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Suppose I have a Rails app that deals with Posts and Comments. A Post has_many Comments and each Comment belongs_to a Post.

Each Comment has a word_count property. The Post object has an average_comment_word_count property which is an average of each of the Comment's word_count.

When I send a DELETE request on a particular comment, the app should recalculate the average_comment_word_count parameter. The way I thought it would work is like this:

class Comment < ActiveRecord::Base

belongs_to :user
belongs_to :post
after_destroy :update_post_average_word_count

def update_post_average_word_count
  post_average_word_count = 0
  post.comments.each do |comment|
     post_average_word_count = post_average_word_count + comment.word_count
  end

  post_average_word_count / post.comments.count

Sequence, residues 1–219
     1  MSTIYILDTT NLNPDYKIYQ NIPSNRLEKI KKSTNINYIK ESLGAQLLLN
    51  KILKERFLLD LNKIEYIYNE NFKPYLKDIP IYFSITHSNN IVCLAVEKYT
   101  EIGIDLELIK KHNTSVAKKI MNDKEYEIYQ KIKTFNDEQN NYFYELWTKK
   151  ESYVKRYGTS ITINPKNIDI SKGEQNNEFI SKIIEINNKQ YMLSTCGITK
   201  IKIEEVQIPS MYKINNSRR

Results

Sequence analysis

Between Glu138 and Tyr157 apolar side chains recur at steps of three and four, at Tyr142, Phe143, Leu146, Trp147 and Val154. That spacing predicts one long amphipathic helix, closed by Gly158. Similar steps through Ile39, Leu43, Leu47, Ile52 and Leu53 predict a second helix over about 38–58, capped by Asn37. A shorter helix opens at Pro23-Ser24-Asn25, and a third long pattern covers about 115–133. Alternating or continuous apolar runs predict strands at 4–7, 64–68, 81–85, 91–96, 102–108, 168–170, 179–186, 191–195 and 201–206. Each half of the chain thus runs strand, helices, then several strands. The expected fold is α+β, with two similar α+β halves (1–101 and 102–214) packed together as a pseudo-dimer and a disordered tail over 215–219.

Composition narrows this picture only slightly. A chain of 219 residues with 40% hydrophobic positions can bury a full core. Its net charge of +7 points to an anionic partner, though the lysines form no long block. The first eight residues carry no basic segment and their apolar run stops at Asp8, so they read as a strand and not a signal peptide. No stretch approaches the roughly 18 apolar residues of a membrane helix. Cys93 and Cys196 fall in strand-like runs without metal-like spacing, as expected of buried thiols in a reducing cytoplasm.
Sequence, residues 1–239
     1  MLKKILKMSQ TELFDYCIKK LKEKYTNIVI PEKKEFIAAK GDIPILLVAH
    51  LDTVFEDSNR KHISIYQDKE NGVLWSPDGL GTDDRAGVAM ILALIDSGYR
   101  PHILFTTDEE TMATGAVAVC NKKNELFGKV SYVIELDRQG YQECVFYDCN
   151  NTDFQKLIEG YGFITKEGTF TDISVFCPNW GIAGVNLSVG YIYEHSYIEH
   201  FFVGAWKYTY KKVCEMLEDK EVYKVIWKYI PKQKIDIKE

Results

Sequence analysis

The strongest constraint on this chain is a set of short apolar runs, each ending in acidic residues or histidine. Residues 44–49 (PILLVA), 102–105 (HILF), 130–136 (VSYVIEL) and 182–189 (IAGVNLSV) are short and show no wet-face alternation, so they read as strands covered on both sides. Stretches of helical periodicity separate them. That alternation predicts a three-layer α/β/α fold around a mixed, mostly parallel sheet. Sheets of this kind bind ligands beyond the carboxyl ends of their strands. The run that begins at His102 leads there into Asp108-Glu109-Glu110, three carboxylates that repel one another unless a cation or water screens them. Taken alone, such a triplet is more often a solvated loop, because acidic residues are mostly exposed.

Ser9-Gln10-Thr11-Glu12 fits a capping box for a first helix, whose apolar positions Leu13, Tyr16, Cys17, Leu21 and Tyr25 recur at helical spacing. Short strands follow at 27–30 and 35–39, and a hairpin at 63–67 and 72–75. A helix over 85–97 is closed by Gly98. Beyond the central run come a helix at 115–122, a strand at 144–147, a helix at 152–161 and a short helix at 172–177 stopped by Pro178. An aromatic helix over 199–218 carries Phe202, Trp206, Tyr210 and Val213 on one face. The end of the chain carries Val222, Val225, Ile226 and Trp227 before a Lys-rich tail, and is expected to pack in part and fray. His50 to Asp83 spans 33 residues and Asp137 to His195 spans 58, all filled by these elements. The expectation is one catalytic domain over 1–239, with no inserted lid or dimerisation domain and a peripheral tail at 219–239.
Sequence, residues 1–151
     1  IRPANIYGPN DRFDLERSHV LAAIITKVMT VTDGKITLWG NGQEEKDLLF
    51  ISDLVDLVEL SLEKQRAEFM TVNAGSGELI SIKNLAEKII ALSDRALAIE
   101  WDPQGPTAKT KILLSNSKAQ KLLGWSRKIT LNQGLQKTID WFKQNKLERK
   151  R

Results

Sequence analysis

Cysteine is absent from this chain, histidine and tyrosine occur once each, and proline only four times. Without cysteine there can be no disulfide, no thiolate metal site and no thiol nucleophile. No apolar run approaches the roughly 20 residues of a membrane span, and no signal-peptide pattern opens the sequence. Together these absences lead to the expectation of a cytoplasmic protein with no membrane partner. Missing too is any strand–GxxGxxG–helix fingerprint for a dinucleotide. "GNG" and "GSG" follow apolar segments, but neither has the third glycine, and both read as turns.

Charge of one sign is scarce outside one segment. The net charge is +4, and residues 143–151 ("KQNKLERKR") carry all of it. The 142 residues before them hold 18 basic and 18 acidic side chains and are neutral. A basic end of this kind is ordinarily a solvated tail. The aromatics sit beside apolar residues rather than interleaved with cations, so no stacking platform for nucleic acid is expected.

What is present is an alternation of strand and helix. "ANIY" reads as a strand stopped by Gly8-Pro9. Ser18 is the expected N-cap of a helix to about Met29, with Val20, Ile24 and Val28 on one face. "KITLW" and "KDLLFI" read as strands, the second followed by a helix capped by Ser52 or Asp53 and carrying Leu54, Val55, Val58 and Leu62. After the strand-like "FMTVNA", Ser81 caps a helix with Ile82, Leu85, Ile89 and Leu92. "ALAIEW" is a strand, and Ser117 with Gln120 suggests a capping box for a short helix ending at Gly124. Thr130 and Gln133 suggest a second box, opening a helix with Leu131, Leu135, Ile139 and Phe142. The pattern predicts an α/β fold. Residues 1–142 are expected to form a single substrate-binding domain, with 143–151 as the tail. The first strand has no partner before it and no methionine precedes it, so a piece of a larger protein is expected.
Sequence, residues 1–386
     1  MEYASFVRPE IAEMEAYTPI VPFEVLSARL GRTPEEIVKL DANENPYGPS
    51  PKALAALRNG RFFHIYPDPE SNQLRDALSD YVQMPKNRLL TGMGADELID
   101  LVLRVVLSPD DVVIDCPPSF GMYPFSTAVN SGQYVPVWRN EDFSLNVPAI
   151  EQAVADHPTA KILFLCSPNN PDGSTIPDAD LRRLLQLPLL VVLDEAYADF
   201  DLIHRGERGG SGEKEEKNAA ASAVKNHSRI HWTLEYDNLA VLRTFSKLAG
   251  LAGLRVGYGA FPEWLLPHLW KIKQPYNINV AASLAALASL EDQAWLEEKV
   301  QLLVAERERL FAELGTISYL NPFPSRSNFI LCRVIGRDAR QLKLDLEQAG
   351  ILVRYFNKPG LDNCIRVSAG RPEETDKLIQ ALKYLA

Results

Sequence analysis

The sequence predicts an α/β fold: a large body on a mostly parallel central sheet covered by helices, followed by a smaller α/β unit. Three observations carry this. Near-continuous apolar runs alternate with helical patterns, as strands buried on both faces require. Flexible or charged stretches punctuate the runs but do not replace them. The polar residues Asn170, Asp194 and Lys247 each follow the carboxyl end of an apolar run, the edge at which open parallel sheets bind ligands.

post.update_attributes average_word_count: post_average_word_count
end

However I get a database error because the app cannot find a reference to the post in question (because the comment is gone, cue Homer Simpson here)

Is there a different method for accomplishing this?

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1 Answer 1

up vote 2 down vote accepted

Use before_destroy and take this into account when calculating the post_average_word_count:

post.update_attributes average_word_count: (post_average_word_count - self.word_count)

share|improve this answer
    
If I use before_destroy wouldn't I need to exclude the comment being destroyed when computing the average? –  Andrew Lauer Barinov Apr 18 '12 at 20:31
    
Yes, you would. post.update_attributes average_word_count: (post_average_word_count - self.word_count) –  DanS Apr 18 '12 at 20:33
    
And there's no way to preserve the "owner" of an object after it gets destroyed? I already have the methods written in Comment and would really like to avoid method duplication (or moving all the code into Post) –  Andrew Lauer Barinov Apr 18 '12 at 20:37
    
I'm also still getting an error that the Post object doesn't exist, when I try the latter approach –  Andrew Lauer Barinov Apr 18 '12 at 20:40
    
Sorry, of course you do. You should use before_destroy. –  DanS Apr 18 '12 at 20:47

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